Building A Bamboo Village Pavilion

Student Name: Leticia Matos Asilis

Name of Project: Building a Bamboo Village Pavilion

Bamboo U Course Attended: Bamboo U Online Immersion May 2021

Country: Dominican Republic

Work/ University: Architectural assistant at ARCHLABS / Pontificia Universidad Católica Madre y Maestra (PUCMM) - Bachelor of Architecture

My name is Leticia Matos Asilis and I am an architect based in the Dominican Republic. I have always been passionate about the fusion of architecture and nature to create the perfect balance between organic spaces and modern requirements. While working on my architecture thesis, I had the opportunity to research bamboo’s potential as a building material, but I always felt eager to keep learning about it and its other numerous possibilities.

My passion for bamboo led me to find IBUKU and Bamboo U. I was excited to learn about the online courses at Bamboo U, an amazing platform with instructional and very detailed videos, step by step guides, live classes with bamboo experts, and the possibility of connecting with other bamboo enthusiasts from all over the world.

I joined Bamboo U because I want to be part of the bamboo movement in the world. Starting by creating a bamboo culture in the Dominican Republic. We have big challenges and one of them is to change people’s perspective about bamboo and prove its amazing potential. As an architect in this country I feel like this is my responsibility.

The Bamboo Building Concept

This project proposes the development of a Pavilion located in the Manabao Bamboo Village, a project that I have been planning for a while. The intention is to positively impact the community of Manabao and change people’s perspective about the use of Bamboo in the Dominican Republic. The pavilion is expected to encourage self-sustainability and awareness towards the appreciation of the environment. All of this will be materialized through an organic, refreshing and bold structure. It is conceived as a multipurpose space that will welcome the community and any other visitor, serving as a gathering space or a place for different activities. The Bamboo Village Pavilion will offer experiences through open spaces that will guarantee impressive views of the Manabao landscape.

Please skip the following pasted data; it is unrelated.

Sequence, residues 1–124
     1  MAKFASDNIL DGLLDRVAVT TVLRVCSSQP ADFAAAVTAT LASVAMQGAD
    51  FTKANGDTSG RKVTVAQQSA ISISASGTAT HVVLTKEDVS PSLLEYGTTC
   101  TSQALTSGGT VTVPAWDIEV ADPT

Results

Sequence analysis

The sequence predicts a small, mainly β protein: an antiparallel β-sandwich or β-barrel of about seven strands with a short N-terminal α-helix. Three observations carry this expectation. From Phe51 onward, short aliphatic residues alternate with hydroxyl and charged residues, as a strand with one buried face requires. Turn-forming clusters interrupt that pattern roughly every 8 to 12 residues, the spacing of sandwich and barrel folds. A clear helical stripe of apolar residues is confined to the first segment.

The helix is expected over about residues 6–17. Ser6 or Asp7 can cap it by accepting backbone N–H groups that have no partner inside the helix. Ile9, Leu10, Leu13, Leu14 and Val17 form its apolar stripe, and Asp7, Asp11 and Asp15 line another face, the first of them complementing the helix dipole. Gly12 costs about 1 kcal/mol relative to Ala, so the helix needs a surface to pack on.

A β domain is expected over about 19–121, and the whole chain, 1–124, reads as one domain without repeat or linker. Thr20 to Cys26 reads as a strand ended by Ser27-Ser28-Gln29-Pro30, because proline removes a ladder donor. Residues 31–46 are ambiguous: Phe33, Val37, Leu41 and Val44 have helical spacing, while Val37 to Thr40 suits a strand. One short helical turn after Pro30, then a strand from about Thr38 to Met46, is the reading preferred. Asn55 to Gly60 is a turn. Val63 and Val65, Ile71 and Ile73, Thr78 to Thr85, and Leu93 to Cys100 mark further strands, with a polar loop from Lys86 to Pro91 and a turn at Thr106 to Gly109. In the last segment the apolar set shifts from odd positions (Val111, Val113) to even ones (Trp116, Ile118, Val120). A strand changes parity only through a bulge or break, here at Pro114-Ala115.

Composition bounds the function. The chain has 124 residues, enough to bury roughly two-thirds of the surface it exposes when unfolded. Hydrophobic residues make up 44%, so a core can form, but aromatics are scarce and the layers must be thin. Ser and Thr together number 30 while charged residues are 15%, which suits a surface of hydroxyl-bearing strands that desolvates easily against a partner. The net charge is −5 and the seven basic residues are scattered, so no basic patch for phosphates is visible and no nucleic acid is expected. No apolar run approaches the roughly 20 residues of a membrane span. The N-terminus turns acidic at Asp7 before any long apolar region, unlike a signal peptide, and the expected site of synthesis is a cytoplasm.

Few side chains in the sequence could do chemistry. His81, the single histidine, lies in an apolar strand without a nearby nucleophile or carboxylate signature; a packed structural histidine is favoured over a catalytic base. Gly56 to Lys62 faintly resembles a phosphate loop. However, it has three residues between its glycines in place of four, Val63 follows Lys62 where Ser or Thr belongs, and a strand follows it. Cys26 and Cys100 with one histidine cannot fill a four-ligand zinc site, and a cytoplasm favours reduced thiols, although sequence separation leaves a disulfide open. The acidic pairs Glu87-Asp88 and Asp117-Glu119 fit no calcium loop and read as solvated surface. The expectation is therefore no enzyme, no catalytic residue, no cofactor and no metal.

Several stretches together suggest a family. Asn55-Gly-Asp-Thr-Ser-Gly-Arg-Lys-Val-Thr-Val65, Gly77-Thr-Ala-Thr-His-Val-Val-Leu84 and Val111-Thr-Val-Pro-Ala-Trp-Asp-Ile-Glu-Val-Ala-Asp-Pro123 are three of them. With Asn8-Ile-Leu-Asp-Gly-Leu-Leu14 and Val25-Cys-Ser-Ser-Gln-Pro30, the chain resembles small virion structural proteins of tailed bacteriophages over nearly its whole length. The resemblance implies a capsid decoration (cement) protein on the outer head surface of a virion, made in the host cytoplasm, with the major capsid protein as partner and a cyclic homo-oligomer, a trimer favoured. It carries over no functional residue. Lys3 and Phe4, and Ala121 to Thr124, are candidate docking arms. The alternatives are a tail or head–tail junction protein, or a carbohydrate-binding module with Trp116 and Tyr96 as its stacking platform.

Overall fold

This space will provide an opportunity for locals to learn about the processes of construction in bamboo, to appreciate the potential that this material has, and to sensibilize artisans and carpenters. It intends to challenge the traditional construction structures in the Dominican Republic. The Bamboo Village Pavilion will be one of the firsts steps towards creating a Bamboo Culture in the country.

Conceptual Model

I explored different concept ideas and chose one that reflected a structure with an organic shape. Manabao is characterized for its breathtaking views and beautiful landscapes; this design will blend seamlessly with the surrounding mountains and vegetation

When developing the conceptual model I realized it would be easier to smooth the curves a little bit if I wanted to use the complete poles. I also considered using the Rup rup technique and adding two or more poles together to maintain the structural integrity

The structure is a 24.5M long and 20M wide building. I decided to use 6 main arches and 4 inclined posts that connect in 4 support points. Adding cross-bracing was vital to triangulate the structure and guarantee stability and strength. Round Guadua Angustifolia bamboo poles are used for the main frames and part of the roof is supported with trusses. Since it has a very wide roof, there is also a skylight that allows the entrance of natural light. Bambusa Vulgaris will be used for the general bracings and Phyllostachys Makinoi for the smaller bracings.